Demonstration of Translation Elongation Factor 3 Activity From a Non-Fungal Species, Phytophthora infestans

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Plos One

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In most eukaryotic organisms, translation elongation requires two highly conserved elongation factors eEF1A and eEF2. Fungal systems are unique in requiring a third factor, the eukaryotic Elongation Factor 3 (eEF3). For decades, eEF3, a ribosome-dependent ATPase, was considered “fungal-specific”, however, recent bioinformatics analysis indicates it may be more widely distributed among other unicellular eukaryotes. In order to determine whether divergent eEF3-like proteins from other eukaryotic organisms can provide the essential functions of eEF3 in budding yeast, the eEF3-like proteins from Schizosaccharomyes pombe and an oomycete, Phytophthora infestans, were cloned and expressed in Saccharomyces cerevisiae. Plasmid shuffling experiments showed that both S. pombe and P. infestans eEF3 can support the growth of S. cerevisiae in the absence of endogenous budding yeast eEF3. Consistent with its ability to provide the essential functions of eEF3, P. infestans eEF3 possessed ribosome-dependent ATPase activity. Yeast cells expressing P. infestans eEF3 displayed reduced protein synthesis due to defects in translation elongation/termination. Identification of eEF3 in divergent species will advance understanding of its function and the ribosome specific determinants that lead to its requirement as well as contribute to the identification of functional domains of eEF3 for potential drug discovery.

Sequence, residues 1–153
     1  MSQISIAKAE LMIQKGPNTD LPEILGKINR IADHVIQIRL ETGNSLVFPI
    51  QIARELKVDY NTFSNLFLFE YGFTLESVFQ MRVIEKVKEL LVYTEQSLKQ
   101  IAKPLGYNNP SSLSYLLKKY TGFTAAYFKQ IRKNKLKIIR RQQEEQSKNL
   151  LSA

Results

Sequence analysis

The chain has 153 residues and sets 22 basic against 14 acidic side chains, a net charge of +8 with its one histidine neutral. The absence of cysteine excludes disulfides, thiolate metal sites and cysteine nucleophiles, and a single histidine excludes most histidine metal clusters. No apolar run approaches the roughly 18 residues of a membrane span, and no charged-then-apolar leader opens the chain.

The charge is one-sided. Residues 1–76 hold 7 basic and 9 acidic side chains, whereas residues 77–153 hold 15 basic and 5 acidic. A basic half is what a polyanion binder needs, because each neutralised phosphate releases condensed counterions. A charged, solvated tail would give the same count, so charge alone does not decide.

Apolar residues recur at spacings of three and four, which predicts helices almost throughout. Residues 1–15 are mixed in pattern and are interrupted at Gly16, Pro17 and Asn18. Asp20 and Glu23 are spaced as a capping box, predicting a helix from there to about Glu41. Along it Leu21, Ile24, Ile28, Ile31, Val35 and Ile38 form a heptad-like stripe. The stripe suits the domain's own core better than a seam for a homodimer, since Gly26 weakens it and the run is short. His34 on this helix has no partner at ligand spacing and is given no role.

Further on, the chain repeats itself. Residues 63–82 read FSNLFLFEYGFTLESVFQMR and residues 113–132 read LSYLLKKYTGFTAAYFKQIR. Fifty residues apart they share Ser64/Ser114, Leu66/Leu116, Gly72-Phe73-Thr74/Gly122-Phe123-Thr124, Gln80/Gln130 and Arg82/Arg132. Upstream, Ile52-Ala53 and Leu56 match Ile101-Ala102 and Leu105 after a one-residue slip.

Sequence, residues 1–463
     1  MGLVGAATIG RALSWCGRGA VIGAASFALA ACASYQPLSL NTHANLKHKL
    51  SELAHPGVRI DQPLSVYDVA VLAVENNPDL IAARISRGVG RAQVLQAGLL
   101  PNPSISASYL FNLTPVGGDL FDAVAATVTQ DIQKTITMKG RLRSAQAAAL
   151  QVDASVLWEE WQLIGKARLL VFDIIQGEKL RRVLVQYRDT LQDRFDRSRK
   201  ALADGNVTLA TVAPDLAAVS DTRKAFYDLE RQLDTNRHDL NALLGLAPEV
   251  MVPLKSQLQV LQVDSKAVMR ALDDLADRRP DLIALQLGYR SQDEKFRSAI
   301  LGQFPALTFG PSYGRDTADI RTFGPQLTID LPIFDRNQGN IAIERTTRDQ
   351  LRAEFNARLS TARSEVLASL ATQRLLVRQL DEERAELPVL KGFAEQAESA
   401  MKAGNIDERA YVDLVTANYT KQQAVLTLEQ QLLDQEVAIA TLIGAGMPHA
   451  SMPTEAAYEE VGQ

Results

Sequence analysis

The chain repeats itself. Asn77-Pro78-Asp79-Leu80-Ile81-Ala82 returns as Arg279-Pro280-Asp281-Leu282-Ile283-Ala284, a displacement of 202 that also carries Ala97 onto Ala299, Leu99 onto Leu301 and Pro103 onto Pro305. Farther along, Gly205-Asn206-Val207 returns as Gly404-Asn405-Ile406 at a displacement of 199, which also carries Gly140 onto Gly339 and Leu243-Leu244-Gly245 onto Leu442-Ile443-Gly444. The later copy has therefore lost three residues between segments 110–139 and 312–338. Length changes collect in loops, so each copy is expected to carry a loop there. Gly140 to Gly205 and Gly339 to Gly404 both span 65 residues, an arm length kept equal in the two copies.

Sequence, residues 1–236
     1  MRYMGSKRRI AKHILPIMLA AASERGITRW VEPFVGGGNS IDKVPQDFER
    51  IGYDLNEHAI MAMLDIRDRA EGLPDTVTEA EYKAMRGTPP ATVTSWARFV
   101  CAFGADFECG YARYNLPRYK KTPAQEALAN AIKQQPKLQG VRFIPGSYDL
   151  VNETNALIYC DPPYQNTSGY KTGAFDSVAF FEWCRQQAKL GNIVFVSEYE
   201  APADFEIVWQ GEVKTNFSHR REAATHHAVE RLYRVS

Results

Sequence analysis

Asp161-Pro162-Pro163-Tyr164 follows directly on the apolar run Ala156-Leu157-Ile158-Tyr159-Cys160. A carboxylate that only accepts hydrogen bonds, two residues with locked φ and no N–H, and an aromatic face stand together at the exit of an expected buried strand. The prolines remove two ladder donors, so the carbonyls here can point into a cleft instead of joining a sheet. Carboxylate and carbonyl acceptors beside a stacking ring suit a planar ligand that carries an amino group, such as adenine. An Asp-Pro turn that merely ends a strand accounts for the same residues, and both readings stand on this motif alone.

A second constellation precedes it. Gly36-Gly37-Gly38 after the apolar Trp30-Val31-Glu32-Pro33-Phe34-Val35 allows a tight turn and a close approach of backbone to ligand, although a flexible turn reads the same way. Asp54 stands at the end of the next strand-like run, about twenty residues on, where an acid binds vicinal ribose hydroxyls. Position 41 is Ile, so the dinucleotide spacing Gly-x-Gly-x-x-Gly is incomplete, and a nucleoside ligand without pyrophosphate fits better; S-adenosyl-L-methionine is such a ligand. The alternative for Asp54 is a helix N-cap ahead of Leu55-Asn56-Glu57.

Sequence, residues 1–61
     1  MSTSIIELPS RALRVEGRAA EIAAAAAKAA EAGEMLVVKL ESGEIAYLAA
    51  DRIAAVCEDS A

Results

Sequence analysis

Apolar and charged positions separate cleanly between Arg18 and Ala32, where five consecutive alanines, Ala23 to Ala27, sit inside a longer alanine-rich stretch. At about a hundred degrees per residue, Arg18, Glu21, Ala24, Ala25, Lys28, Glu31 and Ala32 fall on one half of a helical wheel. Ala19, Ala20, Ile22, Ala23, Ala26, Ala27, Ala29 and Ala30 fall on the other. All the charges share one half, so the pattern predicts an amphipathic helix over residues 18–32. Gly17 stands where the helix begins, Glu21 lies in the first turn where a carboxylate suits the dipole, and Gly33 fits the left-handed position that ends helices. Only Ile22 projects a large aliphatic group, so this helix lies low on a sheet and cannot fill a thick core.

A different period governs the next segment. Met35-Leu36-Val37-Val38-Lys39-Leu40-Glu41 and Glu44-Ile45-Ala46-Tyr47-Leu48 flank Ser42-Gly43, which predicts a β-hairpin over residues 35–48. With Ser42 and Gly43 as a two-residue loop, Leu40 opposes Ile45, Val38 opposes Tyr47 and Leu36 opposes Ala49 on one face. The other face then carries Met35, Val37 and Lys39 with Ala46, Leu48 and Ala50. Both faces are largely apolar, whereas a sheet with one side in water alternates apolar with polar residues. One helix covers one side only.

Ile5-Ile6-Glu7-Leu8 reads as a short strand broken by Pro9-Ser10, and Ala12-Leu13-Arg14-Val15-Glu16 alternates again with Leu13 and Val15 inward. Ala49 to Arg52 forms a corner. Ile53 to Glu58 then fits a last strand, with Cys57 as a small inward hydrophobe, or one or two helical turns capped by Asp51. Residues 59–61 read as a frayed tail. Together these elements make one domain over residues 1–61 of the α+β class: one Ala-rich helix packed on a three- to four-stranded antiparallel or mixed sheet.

This article was originally published as Mateyak, M., Pupek, J., Garino, A., Knapp, M., Colmer, S., Kinzy, T.G., and Dunaway, S. (2018) Demonstration of translation elongation factor 3 activity from a non-fungal species, Phytophthora infestans PlosOne Jan 4;13(1):e0190524 PMC5754060